The Mole Ecological Landscape Land Use Dialogue was held 14 - 16 May 2019 and addressed livelihood and landscape challenges of the area encompassing Ghana’s largest protected area (Mole National Park).
Until 2012, the main challenges within the landscape were limited to unsustainable farming practices characterized by slash and burn, over grazing, perennial bush fires and poaching (both off-reserve and on-reserve). However, the significant improvement of roads in the landscape has tremendously increased the scale of these and other similar challenges. Most recently, desire of the valuable Rosewood (Pterocarpus erinaceous) has led to unprecedented illegal felling of this species. Charcoal production which was initially carried out at a small scale, also recorded a massive surge. Without a good monitoring system in place, tonnes of illegally felled trees and charcoal were transported out of the landscape. Reports show this is a continuing trend to date.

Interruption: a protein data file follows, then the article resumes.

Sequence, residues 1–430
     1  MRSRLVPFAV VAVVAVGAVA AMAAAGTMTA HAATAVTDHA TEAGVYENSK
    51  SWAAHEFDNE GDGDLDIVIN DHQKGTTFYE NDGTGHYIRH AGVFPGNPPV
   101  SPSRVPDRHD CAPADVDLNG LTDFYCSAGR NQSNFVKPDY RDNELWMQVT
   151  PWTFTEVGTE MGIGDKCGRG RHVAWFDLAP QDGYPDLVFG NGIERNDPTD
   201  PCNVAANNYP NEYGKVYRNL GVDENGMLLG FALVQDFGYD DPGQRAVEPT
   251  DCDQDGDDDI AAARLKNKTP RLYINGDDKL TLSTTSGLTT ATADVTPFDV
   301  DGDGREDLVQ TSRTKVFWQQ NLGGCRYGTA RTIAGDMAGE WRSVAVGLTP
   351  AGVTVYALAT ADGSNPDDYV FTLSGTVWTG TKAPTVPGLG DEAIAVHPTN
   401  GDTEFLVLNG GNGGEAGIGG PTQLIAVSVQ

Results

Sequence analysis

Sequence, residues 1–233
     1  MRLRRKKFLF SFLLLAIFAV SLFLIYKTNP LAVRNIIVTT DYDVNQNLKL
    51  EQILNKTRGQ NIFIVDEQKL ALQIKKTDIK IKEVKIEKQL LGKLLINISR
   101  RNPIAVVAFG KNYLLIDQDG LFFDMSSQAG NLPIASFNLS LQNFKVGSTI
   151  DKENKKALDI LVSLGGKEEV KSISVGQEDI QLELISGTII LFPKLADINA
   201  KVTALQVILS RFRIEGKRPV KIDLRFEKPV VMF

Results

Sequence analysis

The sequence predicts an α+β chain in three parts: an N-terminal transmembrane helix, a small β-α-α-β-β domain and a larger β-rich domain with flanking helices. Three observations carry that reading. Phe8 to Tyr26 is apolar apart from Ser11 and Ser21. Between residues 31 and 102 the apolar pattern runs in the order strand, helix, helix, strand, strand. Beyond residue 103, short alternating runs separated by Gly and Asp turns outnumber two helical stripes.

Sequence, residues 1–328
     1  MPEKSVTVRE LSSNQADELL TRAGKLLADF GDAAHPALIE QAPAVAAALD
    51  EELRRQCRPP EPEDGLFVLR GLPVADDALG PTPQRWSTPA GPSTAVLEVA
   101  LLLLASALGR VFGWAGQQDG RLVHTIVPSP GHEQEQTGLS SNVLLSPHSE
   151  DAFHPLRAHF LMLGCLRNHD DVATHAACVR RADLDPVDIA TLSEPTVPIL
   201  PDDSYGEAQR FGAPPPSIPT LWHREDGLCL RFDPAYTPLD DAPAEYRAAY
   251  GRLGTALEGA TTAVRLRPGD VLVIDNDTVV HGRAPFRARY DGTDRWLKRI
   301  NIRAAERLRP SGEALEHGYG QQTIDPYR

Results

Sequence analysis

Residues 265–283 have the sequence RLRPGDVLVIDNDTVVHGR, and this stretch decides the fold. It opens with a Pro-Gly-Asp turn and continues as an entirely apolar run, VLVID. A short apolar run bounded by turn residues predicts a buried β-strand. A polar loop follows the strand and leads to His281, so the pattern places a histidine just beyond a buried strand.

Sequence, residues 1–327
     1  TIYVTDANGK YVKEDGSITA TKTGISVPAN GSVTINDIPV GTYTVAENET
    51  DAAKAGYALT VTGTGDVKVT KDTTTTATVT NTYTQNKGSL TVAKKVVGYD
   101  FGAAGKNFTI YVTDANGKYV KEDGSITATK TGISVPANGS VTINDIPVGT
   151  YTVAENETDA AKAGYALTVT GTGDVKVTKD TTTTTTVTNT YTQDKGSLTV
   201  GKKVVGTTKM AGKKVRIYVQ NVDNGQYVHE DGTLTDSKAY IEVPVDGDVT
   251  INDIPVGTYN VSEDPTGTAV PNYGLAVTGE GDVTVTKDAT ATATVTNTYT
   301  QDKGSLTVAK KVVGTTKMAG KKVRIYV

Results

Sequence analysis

Competing land uses have put the landscape at risk. A participatory and integrated approach is a key tool to reconcile the different perceptions and interests, reduce deforestation, reduce conflict and increase land productivity in the region in the pursuit of a sustainable landscape and socio-economic growth.